The results are hypothetical results and are NOT an indicator of future results and do NOT represent returns that any investor actually attained. Indexes are unmanaged, do not reflect management or trading fees, and one cannot invest directly in an index. Additional information regarding the construction of these results is available upon request.

The 29% CAGR is obviously awesome for the look-ahead portfolio. Expected.

But how about the drawdown associated with a perfect foresight portfolio? Can’t be that bad if you know the future, right?

Wrong! The worst drawdown for the look-ahead portfolio is devastating: -76%! (Aug 1929 to May 1932). But the pain doesn’t end there…here is a table of the top 10 drawdowns:

long dd
The results are hypothetical results and are NOT an indicator of future results and do NOT represent returns that any investor actually attained. Indexes are unmanaged, do not reflect management or trading fees, and one cannot invest directly in an index. Additional information regarding the construction of these results is available upon request.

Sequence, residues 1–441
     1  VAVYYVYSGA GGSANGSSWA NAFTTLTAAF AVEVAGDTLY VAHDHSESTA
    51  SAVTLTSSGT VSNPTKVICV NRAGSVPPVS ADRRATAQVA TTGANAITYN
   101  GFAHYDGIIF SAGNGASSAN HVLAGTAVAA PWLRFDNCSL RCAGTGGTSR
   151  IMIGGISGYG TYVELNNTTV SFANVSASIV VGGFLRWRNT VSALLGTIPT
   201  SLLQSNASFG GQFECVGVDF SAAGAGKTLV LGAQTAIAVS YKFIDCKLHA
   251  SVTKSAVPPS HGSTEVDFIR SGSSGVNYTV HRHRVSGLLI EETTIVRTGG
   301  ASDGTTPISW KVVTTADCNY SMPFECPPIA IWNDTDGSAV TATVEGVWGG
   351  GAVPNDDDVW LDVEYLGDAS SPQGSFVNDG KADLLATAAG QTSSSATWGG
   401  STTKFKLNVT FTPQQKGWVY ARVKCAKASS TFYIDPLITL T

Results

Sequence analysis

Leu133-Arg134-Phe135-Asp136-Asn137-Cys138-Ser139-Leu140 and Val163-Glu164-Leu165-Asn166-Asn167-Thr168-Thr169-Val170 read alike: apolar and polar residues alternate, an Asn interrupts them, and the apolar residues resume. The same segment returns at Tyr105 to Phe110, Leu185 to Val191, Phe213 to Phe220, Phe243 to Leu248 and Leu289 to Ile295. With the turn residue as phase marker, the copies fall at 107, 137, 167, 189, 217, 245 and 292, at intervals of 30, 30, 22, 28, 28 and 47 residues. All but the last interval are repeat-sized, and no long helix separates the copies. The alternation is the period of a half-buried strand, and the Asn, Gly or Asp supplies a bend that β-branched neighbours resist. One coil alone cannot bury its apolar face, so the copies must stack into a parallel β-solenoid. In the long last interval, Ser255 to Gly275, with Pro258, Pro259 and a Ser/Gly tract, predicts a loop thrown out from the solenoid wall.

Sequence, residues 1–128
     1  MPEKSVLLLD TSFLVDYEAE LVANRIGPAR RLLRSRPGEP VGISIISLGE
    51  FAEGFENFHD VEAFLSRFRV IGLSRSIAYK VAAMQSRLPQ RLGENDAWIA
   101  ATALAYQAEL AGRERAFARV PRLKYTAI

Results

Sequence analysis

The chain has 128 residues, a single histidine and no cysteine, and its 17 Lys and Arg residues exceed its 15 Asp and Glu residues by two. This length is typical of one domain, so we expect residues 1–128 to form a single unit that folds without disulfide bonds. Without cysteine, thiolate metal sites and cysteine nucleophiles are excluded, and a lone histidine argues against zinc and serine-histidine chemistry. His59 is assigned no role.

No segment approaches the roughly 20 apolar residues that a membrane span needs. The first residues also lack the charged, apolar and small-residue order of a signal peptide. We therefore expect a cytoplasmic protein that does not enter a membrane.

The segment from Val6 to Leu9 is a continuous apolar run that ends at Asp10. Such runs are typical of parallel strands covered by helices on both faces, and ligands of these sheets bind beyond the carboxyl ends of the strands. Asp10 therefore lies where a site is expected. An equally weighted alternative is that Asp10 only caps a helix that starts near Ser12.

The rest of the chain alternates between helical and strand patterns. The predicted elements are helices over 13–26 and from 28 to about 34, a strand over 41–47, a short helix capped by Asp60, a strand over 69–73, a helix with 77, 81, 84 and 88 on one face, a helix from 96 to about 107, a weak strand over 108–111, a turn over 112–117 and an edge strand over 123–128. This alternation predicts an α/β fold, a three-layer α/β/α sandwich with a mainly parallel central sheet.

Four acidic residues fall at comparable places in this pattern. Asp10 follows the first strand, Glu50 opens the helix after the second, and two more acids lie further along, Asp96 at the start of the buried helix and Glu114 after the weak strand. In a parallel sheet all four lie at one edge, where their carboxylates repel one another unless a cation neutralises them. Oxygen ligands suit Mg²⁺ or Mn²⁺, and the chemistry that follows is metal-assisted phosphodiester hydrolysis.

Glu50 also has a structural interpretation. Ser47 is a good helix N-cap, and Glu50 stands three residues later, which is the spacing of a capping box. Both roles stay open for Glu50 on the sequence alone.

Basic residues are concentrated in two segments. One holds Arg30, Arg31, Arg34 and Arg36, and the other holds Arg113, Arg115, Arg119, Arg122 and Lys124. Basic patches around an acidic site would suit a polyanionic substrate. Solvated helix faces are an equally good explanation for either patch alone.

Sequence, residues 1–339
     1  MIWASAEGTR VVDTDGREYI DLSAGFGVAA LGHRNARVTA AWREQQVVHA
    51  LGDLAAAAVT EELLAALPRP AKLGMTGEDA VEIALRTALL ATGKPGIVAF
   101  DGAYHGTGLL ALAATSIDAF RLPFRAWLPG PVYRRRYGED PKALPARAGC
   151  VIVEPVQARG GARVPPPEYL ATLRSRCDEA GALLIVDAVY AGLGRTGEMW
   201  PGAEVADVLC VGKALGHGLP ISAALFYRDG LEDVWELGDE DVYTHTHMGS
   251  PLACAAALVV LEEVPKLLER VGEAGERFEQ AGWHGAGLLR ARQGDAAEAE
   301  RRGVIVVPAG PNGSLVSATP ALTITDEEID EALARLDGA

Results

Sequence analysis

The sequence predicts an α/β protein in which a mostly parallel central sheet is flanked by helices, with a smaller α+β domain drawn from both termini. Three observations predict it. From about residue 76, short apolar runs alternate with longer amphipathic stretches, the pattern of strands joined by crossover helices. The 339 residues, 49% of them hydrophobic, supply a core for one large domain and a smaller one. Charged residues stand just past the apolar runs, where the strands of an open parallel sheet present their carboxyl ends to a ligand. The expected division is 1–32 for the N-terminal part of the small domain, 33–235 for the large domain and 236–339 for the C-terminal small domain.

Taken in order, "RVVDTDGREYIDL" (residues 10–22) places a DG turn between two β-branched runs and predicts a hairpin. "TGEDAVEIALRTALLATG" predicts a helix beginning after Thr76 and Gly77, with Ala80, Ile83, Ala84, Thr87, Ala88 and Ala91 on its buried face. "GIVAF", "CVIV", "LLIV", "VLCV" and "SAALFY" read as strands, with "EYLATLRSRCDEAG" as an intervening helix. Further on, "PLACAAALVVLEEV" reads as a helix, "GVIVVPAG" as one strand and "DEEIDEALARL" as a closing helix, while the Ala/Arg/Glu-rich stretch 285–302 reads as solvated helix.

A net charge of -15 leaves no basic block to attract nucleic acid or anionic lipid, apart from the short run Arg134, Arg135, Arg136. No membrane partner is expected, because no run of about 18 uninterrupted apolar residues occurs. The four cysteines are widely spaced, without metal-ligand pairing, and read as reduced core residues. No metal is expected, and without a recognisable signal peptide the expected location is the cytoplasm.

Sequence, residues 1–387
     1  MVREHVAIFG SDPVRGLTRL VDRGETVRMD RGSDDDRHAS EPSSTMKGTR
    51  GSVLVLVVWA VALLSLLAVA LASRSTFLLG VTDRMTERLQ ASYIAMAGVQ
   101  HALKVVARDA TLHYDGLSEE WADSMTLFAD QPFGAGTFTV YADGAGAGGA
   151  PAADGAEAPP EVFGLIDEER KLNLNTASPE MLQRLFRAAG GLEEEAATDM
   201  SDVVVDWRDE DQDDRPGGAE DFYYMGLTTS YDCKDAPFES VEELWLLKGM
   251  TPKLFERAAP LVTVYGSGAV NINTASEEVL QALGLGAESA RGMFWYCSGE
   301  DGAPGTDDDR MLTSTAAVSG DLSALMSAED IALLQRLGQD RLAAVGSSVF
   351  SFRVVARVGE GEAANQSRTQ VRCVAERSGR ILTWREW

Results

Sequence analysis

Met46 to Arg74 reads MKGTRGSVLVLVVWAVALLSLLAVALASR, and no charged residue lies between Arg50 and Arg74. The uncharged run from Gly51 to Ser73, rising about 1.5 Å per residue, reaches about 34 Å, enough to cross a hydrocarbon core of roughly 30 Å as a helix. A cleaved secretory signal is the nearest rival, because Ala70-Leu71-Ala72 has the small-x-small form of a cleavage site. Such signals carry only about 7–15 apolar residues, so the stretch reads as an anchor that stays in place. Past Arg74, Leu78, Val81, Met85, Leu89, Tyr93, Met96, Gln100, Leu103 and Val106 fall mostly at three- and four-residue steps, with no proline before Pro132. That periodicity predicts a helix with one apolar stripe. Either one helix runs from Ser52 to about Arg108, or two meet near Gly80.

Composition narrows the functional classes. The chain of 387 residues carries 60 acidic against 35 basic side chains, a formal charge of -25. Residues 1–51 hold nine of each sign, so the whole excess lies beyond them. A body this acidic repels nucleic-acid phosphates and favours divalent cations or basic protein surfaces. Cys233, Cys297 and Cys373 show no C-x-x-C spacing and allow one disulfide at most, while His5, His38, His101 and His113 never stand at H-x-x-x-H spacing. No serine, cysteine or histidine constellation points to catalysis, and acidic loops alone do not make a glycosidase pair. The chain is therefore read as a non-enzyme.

Clearly, even a “perfect” long portfolio can cause a long-only investor pain.

How About We Create the Ultimate Hedge Fund?

In the analysis above we highlight that the perfect long portfolio still can create massive pain. But perhaps we can create the ultimate hedge fund portfolio: 1) long the names we know will perform the best over the next 5 years and 2) short the portfolio of names that we know will perform the worst over the next 5 years. Surely, this would be a god-like hedge fund?

The long/short portfolio is constructed as follows:

  • Fully funded long book and a short book that earns the risk-free rate on short proceeds.
  • The long/short weights are rebalanced monthly.